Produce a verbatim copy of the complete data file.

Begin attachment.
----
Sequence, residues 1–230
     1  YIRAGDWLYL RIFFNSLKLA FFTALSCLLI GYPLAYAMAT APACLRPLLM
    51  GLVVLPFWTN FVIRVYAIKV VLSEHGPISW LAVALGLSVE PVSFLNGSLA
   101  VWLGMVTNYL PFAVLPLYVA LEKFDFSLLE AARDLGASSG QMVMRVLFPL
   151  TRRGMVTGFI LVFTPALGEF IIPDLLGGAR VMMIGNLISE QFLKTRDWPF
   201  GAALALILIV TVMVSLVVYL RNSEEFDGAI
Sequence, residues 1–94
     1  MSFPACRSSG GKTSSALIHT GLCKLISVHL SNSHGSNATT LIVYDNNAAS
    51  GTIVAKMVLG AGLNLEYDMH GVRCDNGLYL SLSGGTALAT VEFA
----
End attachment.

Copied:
Sequence, residues 1–230
     1  YIRAGDWLYL RIFFNSLKLA FFTALSCLLI GYPLAYAMAT APACLRPLLM
    51  GLVVLPFWTN FVIRVYAIKV VLSEHGPISW LAVALGLSVE PVSFLNGSLA
   101  VWLGMVTNYL PFAVLPLYVA LEKFDFSLLE AARDLGASSG QMVMRVLFPL
   151  TRRGMVTGFI LVFTPALGEF IIPDLLGGAR VMMIGNLISE QFLKTRDWPF
   201  GAALALILIV TVMVSLVVYL RNSEEFDGAI
Sequence, residues 1–94
     1  MSFPACRSSG GKTSSALIHT GLCKLISVHL SNSHGSNATT LIVYDNNAAS
    51  GTIVAKMVLG AGLNLEYDMH GVRCDNGLYL SLSGGTALAT VEFA